It’s a Strange World (2011) – By Josh Samford

It’s a Strange World from director Hassan Said is a 27 minute free-form bit of surrealist cinema, similar to the work of David Lynch or Luis Bunuel. Said’s short is deceptive in its narrative form as we find ourselves trying our hardest in order to try and piece together these bits and pieces of a fleshed out story, but ultimately such a thing is not in the cards for the viewer. It’s a Strange World ultimately denies conventional values of “story” or “plot”, in an attempt to tie together meaning from the chaos of visual artistry. Regardless of what any viewer might take from the film, even as a purely surface level piece of visual fiction it is inspiring and beautiful to enjoy if you can retain an open mind whilst watching.

There’s not a whole lot that can be said in terms of a synopsis for It’s a Strange World, as it is basically a series of vignettes that revolve around hallucinogenic visuals and strange surrealist behavior. Each segment is headlined by a separate subtitle that looks to describe the various segments throughout. Sequences include "The Dream", "The Circus", "The Bunny" and "The Awakening", and their connections between one another are very loose to say the least. It is said that the "story" follows a woman named Eve who has a hallucinogenic dream after drinking water from a plant, but this concept doesn’t come across as 100% clear while watching so I don’t stress that as being an entirely accurate description. Comprised as a tour de force of visual sensations with stunning musical arrangement, It’s a Strange World is a very different but enjoyable project.

When you learn to trust a filmmaker, it is easier to let go of your inhibitions and simply enjoy film as art. Although I was able to take very little from the film as a narrative piece of storytelling, while watching I knew immediately from the start that Hassan Said was a filmmaker with a vision. The amount of time taken on this short film shows the dedication of the filmmaker, and we know that there are intentions behind every single shot. With that sort of craft involved, it becomes easy to sit back and let the visuals wash over you. While I took notes, re-watched and tried to decipher the mysterious images that flew past my retinas, I still do not have much of a grasp on what the filmmaker is trying to say with his subtext but I still respect his attempts at doing things differently. There are images throughout that hint at the plight of artistry, the differentiating concepts of sleep reality and what we perceive to be the real world as well as the place of technology in recording what we consider to be real… heady material, to say the least. The TV image is also very important in this regard. However, taking my very vague ideas of what the filmmaker is trying to say and enjoying it for its surface level entertainment… I have a lot of respect for the movie.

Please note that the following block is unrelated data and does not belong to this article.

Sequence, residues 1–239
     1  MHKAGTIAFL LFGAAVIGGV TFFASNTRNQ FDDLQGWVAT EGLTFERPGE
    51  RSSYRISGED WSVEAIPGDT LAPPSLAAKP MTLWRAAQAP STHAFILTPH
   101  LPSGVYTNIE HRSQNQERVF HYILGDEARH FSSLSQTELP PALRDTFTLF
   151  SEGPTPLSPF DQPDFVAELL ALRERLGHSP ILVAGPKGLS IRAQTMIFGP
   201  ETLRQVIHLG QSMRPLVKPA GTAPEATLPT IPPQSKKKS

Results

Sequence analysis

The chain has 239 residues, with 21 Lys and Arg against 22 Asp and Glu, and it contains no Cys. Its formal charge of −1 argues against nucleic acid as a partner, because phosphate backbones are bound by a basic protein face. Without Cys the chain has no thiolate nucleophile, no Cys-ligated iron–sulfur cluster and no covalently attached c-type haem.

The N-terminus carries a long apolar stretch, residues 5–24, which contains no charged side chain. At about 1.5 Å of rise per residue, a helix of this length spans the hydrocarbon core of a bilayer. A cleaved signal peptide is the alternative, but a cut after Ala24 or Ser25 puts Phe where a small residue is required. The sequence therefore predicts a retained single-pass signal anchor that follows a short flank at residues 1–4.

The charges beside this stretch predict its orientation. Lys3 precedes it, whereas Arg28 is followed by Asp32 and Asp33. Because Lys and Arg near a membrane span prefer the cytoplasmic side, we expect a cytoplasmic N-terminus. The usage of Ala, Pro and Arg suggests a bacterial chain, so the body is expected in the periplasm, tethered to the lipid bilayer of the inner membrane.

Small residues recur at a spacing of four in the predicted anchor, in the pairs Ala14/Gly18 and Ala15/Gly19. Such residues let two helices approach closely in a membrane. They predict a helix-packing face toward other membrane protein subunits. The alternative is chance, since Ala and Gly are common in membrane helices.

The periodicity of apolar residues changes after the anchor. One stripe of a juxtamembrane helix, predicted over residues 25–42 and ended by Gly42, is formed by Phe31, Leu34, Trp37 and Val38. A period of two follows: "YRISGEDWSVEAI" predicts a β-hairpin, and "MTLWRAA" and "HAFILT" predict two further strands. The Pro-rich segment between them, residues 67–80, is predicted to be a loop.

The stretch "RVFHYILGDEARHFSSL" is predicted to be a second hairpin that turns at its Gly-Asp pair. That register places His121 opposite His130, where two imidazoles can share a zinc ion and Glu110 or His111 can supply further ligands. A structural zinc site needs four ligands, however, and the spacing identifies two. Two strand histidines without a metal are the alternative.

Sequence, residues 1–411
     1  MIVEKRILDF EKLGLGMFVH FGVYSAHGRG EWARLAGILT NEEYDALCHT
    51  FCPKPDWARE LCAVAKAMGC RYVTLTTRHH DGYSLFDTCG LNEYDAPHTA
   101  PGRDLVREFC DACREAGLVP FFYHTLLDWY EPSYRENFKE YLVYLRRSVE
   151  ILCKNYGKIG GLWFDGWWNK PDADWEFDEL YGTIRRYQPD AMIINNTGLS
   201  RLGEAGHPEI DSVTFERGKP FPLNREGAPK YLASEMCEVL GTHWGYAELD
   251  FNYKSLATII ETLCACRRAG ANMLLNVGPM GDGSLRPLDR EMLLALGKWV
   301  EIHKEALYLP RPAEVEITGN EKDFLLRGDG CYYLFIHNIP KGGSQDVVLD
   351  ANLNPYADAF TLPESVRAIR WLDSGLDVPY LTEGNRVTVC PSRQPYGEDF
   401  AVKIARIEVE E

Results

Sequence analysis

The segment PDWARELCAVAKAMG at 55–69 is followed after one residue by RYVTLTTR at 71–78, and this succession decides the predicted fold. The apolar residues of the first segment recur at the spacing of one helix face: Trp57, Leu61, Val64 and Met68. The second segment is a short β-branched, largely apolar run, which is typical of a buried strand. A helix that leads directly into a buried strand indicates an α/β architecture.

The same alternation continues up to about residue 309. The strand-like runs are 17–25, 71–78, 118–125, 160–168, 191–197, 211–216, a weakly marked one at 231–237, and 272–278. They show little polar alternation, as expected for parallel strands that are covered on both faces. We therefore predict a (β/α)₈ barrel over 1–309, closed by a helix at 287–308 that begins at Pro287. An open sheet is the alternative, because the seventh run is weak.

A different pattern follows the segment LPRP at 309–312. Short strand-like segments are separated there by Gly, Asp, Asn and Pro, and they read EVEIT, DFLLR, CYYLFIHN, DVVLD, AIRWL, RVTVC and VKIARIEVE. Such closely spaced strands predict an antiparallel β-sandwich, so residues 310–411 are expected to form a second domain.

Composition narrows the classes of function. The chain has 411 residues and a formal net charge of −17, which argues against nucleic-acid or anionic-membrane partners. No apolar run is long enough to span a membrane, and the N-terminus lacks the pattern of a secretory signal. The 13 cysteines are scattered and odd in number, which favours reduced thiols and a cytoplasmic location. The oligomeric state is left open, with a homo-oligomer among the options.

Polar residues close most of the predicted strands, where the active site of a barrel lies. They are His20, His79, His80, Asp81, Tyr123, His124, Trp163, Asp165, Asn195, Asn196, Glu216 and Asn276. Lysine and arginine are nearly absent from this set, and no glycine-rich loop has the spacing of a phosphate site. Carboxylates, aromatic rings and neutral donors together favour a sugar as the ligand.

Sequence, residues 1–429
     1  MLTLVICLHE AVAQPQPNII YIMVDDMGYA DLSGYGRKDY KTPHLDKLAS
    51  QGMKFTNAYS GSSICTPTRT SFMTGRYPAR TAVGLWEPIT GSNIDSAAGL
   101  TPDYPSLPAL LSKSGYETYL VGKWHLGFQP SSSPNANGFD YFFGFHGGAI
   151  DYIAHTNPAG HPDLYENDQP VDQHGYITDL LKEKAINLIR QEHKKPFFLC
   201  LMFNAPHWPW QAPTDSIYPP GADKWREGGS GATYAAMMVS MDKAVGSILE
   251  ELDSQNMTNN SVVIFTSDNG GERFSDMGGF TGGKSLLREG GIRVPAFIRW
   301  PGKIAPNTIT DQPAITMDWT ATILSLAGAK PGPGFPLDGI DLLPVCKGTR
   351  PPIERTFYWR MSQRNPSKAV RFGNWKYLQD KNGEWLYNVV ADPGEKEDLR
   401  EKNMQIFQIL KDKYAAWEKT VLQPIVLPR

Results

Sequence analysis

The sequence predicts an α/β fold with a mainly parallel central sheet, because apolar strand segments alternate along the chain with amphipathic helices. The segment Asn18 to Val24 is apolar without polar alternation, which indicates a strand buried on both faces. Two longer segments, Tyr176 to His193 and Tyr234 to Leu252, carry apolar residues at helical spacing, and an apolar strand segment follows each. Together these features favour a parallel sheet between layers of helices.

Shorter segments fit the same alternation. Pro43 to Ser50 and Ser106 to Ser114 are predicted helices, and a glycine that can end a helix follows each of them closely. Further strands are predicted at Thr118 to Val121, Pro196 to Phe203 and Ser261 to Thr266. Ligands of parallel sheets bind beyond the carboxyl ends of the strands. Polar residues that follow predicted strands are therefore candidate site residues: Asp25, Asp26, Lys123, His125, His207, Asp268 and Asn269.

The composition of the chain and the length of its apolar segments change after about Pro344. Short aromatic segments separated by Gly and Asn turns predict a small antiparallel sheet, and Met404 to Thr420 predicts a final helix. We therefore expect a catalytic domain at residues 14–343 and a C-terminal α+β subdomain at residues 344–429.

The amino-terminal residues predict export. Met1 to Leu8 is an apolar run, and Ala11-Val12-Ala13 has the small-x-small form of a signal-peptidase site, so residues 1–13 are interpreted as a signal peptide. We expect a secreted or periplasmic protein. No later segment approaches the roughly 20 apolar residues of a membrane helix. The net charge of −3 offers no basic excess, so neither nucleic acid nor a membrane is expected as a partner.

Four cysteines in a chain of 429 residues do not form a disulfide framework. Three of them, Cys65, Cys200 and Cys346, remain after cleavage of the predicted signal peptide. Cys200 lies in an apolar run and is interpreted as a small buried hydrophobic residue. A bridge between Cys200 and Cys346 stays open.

I can only tell viewers that this is a picture that is beautiful for its craft and not simply for its storytelling. While I wouldn’t call it style over substance, I think if one tries too hard to decipher every bit of subtext within the film they might lose sight of the inherit beauty of cinema. If you’re given the chance, check it out for yourself but remember to go in with an open mind. You can read more about the project at: